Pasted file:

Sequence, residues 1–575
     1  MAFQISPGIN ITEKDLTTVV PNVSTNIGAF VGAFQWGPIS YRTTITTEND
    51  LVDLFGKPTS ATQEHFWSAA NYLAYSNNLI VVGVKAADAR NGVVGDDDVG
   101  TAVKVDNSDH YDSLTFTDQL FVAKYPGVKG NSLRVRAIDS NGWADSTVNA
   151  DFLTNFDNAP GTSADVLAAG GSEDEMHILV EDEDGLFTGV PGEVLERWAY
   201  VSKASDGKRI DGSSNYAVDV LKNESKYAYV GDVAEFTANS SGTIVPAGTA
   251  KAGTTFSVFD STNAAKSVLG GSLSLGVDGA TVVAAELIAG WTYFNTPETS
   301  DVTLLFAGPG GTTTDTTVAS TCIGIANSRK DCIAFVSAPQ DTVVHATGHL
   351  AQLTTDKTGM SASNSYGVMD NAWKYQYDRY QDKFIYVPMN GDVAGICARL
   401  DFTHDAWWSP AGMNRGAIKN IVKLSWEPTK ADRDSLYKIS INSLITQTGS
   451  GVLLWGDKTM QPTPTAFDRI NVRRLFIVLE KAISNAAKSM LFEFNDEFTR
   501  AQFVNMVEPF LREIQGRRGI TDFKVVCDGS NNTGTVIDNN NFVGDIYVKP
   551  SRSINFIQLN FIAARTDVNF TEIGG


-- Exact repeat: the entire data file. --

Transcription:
Sequence, residues 1–575
     1  MAFQISPGIN ITEKDLTTVV PNVSTNIGAF VGAFQWGPIS YRTTITTEND
    51  LVDLFGKPTS ATQEHFWSAA NYLAYSNNLI VVGVKAADAR NGVVGDDDVG
   101  TAVKVDNSDH YDSLTFTDQL FVAKYPGVKG NSLRVRAIDS NGWADSTVNA
   151  DFLTNFDNAP GTSADVLAAG GSEDEMHILV EDEDGLFTGV PGEVLERWAY
   201  VSKASDGKRI DGSSNYAVDV LKNESKYAYV GDVAEFTANS SGTIVPAGTA
   251  KAGTTFSVFD STNAAKSVLG GSLSLGVDGA TVVAAELIAG WTYFNTPETS
   301  DVTLLFAGPG GTTTDTTVAS TCIGIANSRK DCIAFVSAPQ DTVVHATGHL
   351  AQLTTDKTGM SASNSYGVMD NAWKYQYDRY QDKFIYVPMN GDVAGICARL
   401  DFTHDAWWSP AGMNRGAIKN IVKLSWEPTK ADRDSLYKIS INSLITQTGS
   451  GVLLWGDKTM QPTPTAFDRI NVRRLFIVLE KAISNAAKSM LFEFNDEFTR
   501  AQFVNMVEPF LREIQGRRGI TDFKVVCDGS NNTGTVIDNN NFVGDIYVKP
   551  SRSINFIQLN FIAARTDVNF TEIGG